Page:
Jazzy Vector Effects pg 4: Production Graphics with Wendy Peck at webreference.com | WebReference

Jazzy Vector Effects pg 4: Production Graphics with Wendy Peck at webreference.com

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Jazzy Vector Effects: A Style of Your Own

  Any exciting technique leads a designer to say, "Cool! How do I make my own?" There is no fact more certain. In fact, considering the focus on professional designing that this column has, I would not have offered this tutorial had there not been a custom element to this feature. Custom element may be an understatement. You can not only adjust styles, but whatever your mind can imagine can be set as a style, a very valuable feature for the repetitive world of Web design. Let's start with adjusting and move on to creation from scratch.
   

Combined styles resulting in a unique texture. The text shown here has the one of the original styles applied since the texture in the combined style is too heavy for text.

Combining styles
Warning! This can be an addictive activity. You can combine the styles included with Illustrator to create new styles, often with very interesting results. The designer Flinstones look at the left was created by combining the Stone 4 and Cartography-Mountains styles in the RGB fills library. The text shown below is in the plain Stone 4 style, which is one of the benefits of combining styles. Often one of the styles will provide a great accent texture, or in this case, allow matching text that is legible. In the combination style the text was a series of blobs.

To combine styles, select the styles you would like to combine in the Styles palette. Click on the icon for the side menu and select Merge Styles. A new style will be created and placed at the end of the styles list. If you would like to assign a name to this style, double click on the style and type the name in the pop-up window. The new style is instantly ready to be used in the same way as the default styles, including combining with others.

   

 

Editing a style
I wanted a little color in the sample above, and created a new style. I first filled an object with the style from above. I used a teal outline to give the effect that is shown here. Once I was satisfied with the look, I then created a new style.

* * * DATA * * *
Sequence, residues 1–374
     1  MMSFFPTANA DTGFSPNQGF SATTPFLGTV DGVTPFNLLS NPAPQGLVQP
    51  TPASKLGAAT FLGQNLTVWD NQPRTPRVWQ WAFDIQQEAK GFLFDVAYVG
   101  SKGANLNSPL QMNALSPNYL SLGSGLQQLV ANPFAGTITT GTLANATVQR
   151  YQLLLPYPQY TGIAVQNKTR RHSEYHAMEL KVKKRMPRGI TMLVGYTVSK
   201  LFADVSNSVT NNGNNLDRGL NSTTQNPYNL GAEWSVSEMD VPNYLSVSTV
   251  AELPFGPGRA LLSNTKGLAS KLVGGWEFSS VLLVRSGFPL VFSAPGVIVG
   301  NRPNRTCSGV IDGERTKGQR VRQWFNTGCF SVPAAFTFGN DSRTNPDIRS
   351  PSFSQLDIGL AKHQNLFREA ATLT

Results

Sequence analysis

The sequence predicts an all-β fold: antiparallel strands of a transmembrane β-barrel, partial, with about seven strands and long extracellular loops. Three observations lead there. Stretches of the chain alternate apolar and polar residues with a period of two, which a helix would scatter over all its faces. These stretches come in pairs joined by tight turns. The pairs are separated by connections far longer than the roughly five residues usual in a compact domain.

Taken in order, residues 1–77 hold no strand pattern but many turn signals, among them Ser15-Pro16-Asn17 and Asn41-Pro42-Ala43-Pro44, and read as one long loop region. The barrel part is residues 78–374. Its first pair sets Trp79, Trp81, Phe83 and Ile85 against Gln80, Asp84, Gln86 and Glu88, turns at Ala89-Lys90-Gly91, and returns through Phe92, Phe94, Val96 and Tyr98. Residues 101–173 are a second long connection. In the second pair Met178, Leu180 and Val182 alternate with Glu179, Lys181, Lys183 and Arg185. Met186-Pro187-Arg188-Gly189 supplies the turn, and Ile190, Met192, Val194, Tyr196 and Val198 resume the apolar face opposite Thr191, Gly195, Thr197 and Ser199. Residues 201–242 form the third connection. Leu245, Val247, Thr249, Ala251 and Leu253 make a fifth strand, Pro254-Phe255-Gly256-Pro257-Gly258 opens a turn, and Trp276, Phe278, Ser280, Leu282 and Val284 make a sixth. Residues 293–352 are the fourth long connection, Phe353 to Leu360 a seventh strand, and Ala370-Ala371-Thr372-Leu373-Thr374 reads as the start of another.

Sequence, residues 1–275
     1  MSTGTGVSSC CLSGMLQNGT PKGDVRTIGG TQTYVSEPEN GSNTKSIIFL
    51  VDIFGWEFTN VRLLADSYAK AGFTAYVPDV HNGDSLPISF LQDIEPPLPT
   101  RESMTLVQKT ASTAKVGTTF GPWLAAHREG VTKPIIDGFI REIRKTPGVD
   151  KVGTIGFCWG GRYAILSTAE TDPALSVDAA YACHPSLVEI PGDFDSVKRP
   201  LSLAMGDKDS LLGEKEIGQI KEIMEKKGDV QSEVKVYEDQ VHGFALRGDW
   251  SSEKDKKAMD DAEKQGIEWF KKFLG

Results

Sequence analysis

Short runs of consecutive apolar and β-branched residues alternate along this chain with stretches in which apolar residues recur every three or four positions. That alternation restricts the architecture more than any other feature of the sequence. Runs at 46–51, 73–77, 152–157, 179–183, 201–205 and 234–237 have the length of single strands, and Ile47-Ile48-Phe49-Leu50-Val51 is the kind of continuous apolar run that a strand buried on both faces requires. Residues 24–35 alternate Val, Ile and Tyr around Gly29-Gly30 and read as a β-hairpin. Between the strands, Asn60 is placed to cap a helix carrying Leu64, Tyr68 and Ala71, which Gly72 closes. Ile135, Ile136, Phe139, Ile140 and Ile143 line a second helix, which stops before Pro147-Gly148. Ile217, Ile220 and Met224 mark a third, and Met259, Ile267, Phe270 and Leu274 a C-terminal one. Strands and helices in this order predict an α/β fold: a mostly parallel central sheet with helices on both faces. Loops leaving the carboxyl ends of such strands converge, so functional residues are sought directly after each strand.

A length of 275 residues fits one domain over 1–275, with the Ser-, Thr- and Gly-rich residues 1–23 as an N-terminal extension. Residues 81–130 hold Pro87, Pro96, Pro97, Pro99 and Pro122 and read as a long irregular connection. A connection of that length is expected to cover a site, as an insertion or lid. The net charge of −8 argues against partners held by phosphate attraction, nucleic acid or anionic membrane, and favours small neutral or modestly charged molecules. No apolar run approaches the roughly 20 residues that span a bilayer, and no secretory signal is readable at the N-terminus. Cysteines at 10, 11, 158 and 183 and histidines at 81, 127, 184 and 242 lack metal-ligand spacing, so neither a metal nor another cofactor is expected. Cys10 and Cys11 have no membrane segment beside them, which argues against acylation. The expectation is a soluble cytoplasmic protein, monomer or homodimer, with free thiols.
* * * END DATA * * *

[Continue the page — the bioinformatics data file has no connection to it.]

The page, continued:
To create a style, select the object containing the attributes you wish to save as a style. Click on the icon for the Style palette side menu and select New Style. Type a name for your style when asked, or accept the default name. Once again you have a new style ready to use on other objects.

 

 

   

You can do the same without starting with a style at all. Create an object, add fills, brushes, transparency. Perfect the look, and then create a style. Click on the icon for the Style palette side menu and select New Style. Type a name for your style when asked, or accept the default name.

In the sample at the left, I created a rectangle with a brush stroke, and a solid fill. I set the object transparency to 65%. I then created a style from the rectangle, as described above. It was a one-step process to add that style to a circle and star. Note how they all have the same transparency as well as fill and stroke.

There is no limit to the styles that you can create. For repetitive elements, it is well worth creating a style even if you have a solid fill and an outline. Remember, you not only save time, but you also increase consistency when you use automated features. The phone may ring 25 times before you finish your design, which wipes all memory of settings from your mind. But Illustrator does not forget when you have saved a style. For that reason alone, styles are worthwhile, but there is more.

Wouldn't it be nice to change your mind, even when you have created 75 objects with your fill. You can change your mind and all 75 items in a flash if you have used styles. Read on.

   
 

Next page

Jazzy Vector Effects Tutorial Index

Jazzy Vector Effects: Vectors Can Be Fun
Illustrator Twists and Bends
Click and Drag Styles
A Style of Your Own
Change a Bushel of Graphics with a Click

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URL: http://www.webreference.com/graphics/column39/
Created: November 24, 2000
Revised: November 24, 2000